Updated: Apr 18, 2022
We don’t often think that a lack of protein could be at the root or a major contributing factor to our clients and patients’ symptoms and ailments. Yet, it is often the underlying cause of several conditions. By solely looking at the research, we can get lost in a myriad of different results. Many older, and less well designed studies, paint a picture suggesting that most people are getting enough protein. We even see older studies suggest that the average person is getting too much protein. We beg to differ.
This is where we must glimpse beyond the research into clinical presentations.
We see many clients who seem to have adequate protein consumption based on traditional standards, present with symptoms of protein deficiency. These symptoms are often corrected with increasing protein and optimizing amino acid intake.
When we take the research and current thought process on protein consumption and attempt to apply it clinically; it doesn't add up.
Many recent studies have confirmed that the hypothesis that the standard .8g/kg of body weight is insufficient to maintain health. This is especially true when we begin to take different populations into account such as the elderly, the ill, and those following restrictive diets or diets where animal protein is removed.
This is confirmed when we begin to look at our 1-1 experiences with clients - contrary to old school mainstream rhetoric, an epidemic of suboptimal protein consumption is a likely cause of many disease processes.
Where’s the disconnect?
Let’s take a look at vitamin and mineral recommendations for example.
The RDA for vitamins and minerals we see in the conventional sphere are often too low to have any meaningful effect on physiology. A prime example is vitamin C. The RDA for vitamin C sits at 90mg per day with an upper limit of 2,000mg. In the integrative sphere, dosing usually begins at 1,000mg a day and increases as is needed by their presenting physiology.
At an intake of 90 mg of vitamin C, the average person is going to present with a subclinical deficiency. In terms of correcting pathology or symptoms, 90 mg is pretty much useless. For added context, IV vitamin C can be administered in doses as high as 30,000mg per day to remedy pathological processes.
When we look at protein in this same light, the .8g/kg of body weight is the equivalent to our 90mg of vitamin C. Over time, the deficit of this intake level takes its toll and shows up several ways. We then need to not only optimize protein intake, but we must compensate and saturated amino acids levels in order to bring the body back into homeostasis. This often looks like “high dosing” protein to bridge the gap, before reducing to introducing an amount that can then sustain health.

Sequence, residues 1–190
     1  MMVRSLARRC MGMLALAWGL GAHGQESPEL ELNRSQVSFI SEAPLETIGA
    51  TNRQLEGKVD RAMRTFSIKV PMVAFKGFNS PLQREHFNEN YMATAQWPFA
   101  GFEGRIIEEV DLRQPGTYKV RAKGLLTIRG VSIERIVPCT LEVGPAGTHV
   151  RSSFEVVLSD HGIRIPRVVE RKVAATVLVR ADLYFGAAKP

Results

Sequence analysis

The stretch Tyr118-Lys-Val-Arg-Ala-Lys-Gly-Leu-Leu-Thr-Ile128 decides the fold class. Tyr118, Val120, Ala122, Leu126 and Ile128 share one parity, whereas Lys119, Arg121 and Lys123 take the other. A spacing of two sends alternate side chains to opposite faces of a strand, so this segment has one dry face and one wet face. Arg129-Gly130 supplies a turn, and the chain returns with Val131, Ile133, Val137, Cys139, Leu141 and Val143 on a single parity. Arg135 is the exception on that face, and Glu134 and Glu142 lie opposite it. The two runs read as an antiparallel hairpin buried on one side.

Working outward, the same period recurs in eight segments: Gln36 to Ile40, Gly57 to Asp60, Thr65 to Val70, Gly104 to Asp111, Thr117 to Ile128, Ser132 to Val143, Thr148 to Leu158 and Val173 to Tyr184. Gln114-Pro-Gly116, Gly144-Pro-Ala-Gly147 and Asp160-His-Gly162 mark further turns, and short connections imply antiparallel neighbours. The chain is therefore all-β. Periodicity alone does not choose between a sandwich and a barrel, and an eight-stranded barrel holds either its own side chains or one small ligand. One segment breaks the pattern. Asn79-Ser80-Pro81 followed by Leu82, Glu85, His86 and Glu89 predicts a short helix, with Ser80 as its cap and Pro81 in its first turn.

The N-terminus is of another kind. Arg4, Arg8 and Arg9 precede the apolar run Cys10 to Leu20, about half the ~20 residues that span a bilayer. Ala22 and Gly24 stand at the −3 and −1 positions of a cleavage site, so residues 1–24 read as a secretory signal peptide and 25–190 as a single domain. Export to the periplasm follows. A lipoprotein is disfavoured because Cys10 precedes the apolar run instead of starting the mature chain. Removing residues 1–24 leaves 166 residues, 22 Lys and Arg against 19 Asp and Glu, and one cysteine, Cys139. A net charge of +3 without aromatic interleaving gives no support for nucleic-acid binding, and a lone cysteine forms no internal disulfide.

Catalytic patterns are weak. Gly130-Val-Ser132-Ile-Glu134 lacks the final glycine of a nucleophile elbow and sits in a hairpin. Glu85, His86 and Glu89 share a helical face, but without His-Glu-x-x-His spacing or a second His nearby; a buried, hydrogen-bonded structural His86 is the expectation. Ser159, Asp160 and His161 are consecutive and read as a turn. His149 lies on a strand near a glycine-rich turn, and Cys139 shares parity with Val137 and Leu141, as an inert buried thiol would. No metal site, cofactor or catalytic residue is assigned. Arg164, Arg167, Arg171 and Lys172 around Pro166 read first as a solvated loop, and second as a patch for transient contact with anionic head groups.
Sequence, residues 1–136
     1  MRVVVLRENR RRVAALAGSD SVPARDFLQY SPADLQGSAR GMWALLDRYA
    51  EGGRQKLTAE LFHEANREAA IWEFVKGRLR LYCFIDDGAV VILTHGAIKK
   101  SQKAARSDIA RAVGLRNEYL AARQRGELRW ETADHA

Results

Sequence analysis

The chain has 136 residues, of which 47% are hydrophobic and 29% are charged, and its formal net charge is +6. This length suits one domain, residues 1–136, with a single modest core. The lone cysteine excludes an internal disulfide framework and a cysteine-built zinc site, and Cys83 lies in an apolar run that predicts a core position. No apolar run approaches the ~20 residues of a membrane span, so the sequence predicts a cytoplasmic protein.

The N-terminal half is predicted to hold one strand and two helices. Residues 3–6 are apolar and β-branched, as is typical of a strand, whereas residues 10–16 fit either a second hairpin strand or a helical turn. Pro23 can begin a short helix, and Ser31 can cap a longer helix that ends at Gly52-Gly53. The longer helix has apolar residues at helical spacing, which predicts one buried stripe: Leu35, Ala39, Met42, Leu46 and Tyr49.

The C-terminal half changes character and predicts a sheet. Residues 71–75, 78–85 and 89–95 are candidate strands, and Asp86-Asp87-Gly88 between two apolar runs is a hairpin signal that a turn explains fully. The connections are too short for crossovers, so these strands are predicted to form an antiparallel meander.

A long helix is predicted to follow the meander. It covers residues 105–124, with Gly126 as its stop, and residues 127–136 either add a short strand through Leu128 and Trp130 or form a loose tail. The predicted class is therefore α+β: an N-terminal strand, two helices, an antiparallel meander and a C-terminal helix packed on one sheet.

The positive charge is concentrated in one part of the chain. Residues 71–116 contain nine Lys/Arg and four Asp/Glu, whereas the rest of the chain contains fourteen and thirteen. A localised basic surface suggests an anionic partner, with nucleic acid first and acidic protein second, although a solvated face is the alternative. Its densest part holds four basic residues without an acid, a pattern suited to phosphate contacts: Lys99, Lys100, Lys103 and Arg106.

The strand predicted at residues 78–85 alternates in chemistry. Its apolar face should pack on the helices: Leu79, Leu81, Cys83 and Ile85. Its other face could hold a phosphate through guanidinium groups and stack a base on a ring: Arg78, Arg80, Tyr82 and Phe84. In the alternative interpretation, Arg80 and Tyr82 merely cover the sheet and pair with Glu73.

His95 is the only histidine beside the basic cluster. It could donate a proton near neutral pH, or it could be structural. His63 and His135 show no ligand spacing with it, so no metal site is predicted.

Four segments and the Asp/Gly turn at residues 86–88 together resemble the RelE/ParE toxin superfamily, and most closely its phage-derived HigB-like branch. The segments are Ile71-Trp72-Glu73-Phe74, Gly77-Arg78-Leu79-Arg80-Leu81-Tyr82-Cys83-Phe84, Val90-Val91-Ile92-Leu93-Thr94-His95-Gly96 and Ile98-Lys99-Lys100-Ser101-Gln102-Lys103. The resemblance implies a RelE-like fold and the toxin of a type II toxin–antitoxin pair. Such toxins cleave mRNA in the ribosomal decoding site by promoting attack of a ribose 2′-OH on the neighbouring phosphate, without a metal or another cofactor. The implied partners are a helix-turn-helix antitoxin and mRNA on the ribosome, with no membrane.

Symptoms of Protein Deficiency
Due to the wide range of symptoms that can present with protein deficiency, it is hard to generalize this phenomenon. When it comes to protein deficiency, consuming inadequate amounts of protein looks different for everyone, and the compromised physiology that results is extremely broad. Beyond the standard example of sarcopenia, protein deficiency can manifest as:
-Depression through the reduced synthesis of certain neurotransmitters
-Reduced transportation of oxygen
-Premature grey hair
-Impaired endogenous antioxidant defense systems
-Dental issues such as cavitation and receding gums
One unifying aspect of protein deficiency is that at its foundation, it affects the body in a systemic manner, rather than a localized fashion.
When we take a comprehensive look at this list, we can see that a lack of protein sets the body up for major disease down the line. Just looking at its relationship to oxygen transport, tells us that lower protein intake is associated with hypoxic micro environments. These are environments that are fertile grounds for awry cells to proliferate.
We also can see that protein is required for our endogenous antioxidant systems to function properly - primarily the glutathione, SOD and catalase system. Without our internal antioxidant systems functioning at a high capacity, cellular function begins to break down.